Problems that farmers are facing (especially Canadian farmers)

joyfulguyMarch 7, 2007

I have asked city folks how they'd like to work for 50 cents per hour sometimes, maybe a dollar, sometimes two or five dollars, occasionally ten - or sometimes have to pay a couple of dollars per hour for the privilege of going to work!

Most consider such a situation impossible, untenable.

That's about the hourly rate of pay that the farmer gets, if s/he claims a decent rate of return on his/her invested assets, usually having invested part of his income in most earlier years, to build them.

Or - if he takes decent pay rate, he gets peanuts rate of return on his invested assets.

Most/many city folks have almost nil investment in their work.

Plus, for farmers keeping animals, working 7 days a week, with no thought of any possibility of extra income for overtime work or working over 5 days per week.

And, if one of those farmers wants a vacation, having to pay a skilled replacement heavy-duty dollars to come in to look after the chores related to the animals while they go away for a short while.

And usually coming back to find that the volume of milk produced daily had gone down, or some animals sick, etc. ... do you have any idea what one has to pay a vet to visit a sick animal?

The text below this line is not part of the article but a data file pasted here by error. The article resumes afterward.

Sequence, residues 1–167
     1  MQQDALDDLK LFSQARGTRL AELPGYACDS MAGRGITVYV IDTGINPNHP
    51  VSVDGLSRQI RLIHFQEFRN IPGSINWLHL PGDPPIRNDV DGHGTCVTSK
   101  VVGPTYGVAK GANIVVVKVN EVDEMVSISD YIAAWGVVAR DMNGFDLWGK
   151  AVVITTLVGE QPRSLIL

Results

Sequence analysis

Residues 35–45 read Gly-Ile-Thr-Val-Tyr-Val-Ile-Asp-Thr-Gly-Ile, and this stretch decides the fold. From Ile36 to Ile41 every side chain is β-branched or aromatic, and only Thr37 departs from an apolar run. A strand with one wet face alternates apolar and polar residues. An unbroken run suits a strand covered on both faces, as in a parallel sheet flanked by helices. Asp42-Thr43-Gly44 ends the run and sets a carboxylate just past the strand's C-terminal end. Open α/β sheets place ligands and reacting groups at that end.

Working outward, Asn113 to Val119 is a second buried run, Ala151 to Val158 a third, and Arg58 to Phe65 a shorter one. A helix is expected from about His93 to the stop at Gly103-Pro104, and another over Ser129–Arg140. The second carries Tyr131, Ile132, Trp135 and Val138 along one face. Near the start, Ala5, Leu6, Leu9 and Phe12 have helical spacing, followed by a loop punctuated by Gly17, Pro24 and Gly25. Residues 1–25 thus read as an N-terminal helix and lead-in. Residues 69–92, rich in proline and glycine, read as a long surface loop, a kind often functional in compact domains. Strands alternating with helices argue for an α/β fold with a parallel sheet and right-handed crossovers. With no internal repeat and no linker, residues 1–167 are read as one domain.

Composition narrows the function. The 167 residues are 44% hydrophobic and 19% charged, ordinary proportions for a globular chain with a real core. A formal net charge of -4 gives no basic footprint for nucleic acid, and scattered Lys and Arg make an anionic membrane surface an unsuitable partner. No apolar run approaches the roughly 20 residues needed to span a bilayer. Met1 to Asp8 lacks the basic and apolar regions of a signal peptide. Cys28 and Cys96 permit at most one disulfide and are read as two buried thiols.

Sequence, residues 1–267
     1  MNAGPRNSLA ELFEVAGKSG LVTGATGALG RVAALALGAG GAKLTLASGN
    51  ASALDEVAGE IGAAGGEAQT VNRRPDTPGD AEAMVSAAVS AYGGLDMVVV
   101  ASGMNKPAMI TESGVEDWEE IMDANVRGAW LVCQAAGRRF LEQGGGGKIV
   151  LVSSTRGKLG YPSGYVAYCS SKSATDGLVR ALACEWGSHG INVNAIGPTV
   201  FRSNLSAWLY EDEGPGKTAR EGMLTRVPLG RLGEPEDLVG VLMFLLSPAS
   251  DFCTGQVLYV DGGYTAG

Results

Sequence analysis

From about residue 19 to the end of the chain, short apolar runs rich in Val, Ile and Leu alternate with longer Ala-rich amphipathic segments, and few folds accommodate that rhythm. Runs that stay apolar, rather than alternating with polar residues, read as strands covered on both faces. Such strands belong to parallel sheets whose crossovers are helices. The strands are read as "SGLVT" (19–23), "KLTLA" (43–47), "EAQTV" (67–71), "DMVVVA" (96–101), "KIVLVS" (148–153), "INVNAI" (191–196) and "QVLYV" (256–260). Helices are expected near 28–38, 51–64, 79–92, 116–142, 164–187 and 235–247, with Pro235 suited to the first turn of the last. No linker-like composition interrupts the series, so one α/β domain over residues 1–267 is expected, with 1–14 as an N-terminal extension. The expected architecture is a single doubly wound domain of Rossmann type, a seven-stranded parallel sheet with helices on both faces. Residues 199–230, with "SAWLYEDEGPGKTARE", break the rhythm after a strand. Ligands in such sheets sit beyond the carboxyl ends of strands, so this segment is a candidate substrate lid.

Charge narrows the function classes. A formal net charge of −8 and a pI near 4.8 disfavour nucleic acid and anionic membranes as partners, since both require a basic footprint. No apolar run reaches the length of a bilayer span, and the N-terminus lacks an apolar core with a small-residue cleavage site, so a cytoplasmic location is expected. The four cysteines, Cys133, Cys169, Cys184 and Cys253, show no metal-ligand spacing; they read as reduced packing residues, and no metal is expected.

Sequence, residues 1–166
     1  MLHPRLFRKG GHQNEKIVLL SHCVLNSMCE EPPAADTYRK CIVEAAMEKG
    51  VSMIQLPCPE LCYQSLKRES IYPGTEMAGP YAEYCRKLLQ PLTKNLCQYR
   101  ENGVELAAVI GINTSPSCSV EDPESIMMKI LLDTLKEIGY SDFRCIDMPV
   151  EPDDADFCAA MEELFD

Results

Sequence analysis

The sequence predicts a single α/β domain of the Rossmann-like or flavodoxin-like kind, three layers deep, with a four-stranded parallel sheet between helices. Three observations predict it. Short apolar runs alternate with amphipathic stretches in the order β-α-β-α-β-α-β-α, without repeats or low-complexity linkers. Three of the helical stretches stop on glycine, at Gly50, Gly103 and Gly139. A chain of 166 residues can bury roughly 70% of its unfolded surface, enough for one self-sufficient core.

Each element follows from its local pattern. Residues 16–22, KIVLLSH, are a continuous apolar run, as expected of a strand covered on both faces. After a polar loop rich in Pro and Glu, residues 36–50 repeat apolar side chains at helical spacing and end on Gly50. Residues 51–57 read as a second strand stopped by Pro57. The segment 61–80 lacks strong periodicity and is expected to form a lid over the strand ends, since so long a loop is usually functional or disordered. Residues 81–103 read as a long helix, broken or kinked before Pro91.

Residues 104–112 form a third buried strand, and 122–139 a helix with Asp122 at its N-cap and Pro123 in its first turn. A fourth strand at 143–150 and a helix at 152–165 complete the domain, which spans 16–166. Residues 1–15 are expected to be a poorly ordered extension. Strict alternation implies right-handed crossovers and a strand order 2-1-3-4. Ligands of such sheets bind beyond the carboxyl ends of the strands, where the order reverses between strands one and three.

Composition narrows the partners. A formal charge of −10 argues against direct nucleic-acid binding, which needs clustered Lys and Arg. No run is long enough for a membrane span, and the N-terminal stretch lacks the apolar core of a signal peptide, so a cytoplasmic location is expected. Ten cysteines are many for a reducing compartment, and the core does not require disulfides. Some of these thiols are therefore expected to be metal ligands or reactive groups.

I've asked a number of town folks what they'd do if they worked at a bank/savings loan/trust co./credit union and had half a million to a million to two million invested there.

At the end of the year, the manager called them into the office, and, with a very long face (maybe even a tear or two in her/his eye) told them that the bank was having a terrible year.(1)

Anyway, the manager continued, telling the employee that in the light of the bad year for the bank, that they couldn't afford to pay the employee both his/her wages for the year and the interest on her/his money invested there.

They wanted to be as fair/generous/considerate as possible - they'd let the employee decide which that s/he'd choose to receive: their wages ... or their interest.

So - which did the employee wish to choose?

Did s/he want some time to consider?

If you happened to be the goat in such a situation - what would be your response?

Many town folk get rather upset, and say, with some vehemence in their reply, that they'd, " ... move their *^%)*& money down the street!!".

To which I reply that, yes, ... exactly ...

... and that many farmers feel the same ... so choose to sell their farm, and invest the money.

That asset usually used to be enough for the income that it produced, ...

... after paying necessary tax to every income earner's partner in crime, the income tax folks ...

... and, for the part of their asset invested in dollar-denominated asset, adding some of the current income to the asset in order to maintain purchasing power (which usually pretty well meant that there was almost nothing left to add to current living expense from that part of the invested asset) ...